Can You Reverse Gray Hair? Here's What Experts Have to Say
Don't freak out if you notice a silver strand or two.
Despite what you may have heard, people with dark skin need to wear sunscreen, and shaving your hair won’t make it grow back thicker. In Myth Busters, we debunk common beauty misconceptions and set the record straight.
So you’ve spotted your very first gray hair. Your first instinct may be to freak out, grab the tweezers, and pluck it out. We get it—it can be a shock to see a silver hair suddenly sprout on your head. However, getting a gray doesn't mean you’re rapidly aging or that your hair color is suddenly going to turn white. But over time, natural processes do happen, and that's okay. Dermatologists often quote the research of the 50-50-50 rule, stating that at 50 years old, 50% of the population has at least 50% gray hair due to normal, healthy aging.
However, our experts say that some women start getting grays in their late twenties and early thirties. If you're one of those, you may have asked yourself, "Is there a way to reverse grays or stop them from happening?" To get to the bottom of it, we talked to two top trichologists to break down the graying process for us.
What causes gray hair?
Our skin and hair get their color from a natural polymer called melanin, which is produced by special skin cells, explains Shab Reslan, a trained trichologist and hair health expert for HairClub. The natural color of our hair depends upon the distribution, type, and amount of melanin that these cells release. As we age, Reslan says these cells die off and leave the hair without any melanin for pigment. Without pigment, new hair strands grow lighter and eventually turn to shades of gray, silver, and white.
“The actual reasoning behind the cause of losing melanin is not directly known,” says Reslan. However, she explains that grays are essentially based on inflammation and oxidative stress, which negatively affects certain cells in the body—including those that make melanin.
Why do some people gray earlier than others?
If you’ve started to notice a few gray hairs earlier than you expected, you can blame it on genetics. Scientists have pinpointed the specific gene that accounts for gray hair, so know that if your parents developed gray hair later in life, chances are you will, too.
Gretchen Friese, a board-certified trichologist for Bosley, tells us that in addition to genetics, lifestyle factors like stress and diet may play a role in early graying, too. “Eating the right nutrients and taking other proactive measures may help preserve existing pigmentation, delaying overall graying,” says Friese. She explains that certain nutrients, like B vitamins, calcium, copper, iron, protein, vitamin D, and zinc, can help in the production of melanin cells. If you’re not getting enough of these, it could exacerbate graying.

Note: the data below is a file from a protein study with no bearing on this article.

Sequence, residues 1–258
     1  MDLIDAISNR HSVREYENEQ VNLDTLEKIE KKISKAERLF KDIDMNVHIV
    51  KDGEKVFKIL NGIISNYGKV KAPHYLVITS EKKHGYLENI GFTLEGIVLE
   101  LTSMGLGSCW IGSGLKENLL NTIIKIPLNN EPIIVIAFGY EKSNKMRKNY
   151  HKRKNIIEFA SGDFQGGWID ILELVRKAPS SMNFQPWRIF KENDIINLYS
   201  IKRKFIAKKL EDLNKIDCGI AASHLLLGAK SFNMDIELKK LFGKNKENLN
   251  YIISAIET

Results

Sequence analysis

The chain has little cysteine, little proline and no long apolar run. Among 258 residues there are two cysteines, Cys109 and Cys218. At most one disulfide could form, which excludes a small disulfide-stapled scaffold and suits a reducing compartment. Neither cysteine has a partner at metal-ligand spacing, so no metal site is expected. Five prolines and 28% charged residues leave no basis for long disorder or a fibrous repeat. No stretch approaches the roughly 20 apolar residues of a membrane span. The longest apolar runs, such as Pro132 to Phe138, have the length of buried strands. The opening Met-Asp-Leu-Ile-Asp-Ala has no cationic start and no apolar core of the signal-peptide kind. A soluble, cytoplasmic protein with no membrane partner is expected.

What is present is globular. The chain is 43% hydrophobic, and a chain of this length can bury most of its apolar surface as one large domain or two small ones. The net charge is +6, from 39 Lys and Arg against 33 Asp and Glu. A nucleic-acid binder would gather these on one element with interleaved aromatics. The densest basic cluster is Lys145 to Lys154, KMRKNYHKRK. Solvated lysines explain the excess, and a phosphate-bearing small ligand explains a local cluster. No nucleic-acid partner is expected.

Additionally, new research from Harvard University shows evidence of the correlation between stress and graying hair, and Friese says that stress can damage cells throughout the body. "Those cells can include the melanin that gives hair its color,” she says. Because of this, excess stress can take a toll on the body, including exacerbating the production of gray hairs.
Once your hair goes gray, is there a way to bring back its natural color?
“Unless you’re willing to dye your hair, you can’t restore hair that’s already gone gray to its former color,” says Friese. "You may be able to preserve the rest of your color and delay the inevitable for a bit longer by making a few lifestyle changes; however, the overall success of this heavily depends on your genetics."
What are some ways to treat and/or disguise gray hair?
First things first: Don’t pluck it! In fact, if you continuously pluck out a white or gray hair, you run the risk of damaging the hair follicle, which can result in distortion of strands and even permanent hair loss. Instead, our experts say your best bet is to look for coverage options, like a temporary spray or color pen to conceal any gray roots or strands. This is particularly helpful for those with dark hair, as silver strands can be more noticeable.
Additionally, since Reslan explains that the average person begins graying around the front hairline, she says you might want to consider face-framing highlights in a shade lighter than your natural color to camouflage any grays coming in. "Breaking up the contrast can blend in the grays as they grow in and even get you through your next root touchup with ease," she says.
Realistically, you can't really reverse gray hair, but hey, it's natural and beautiful.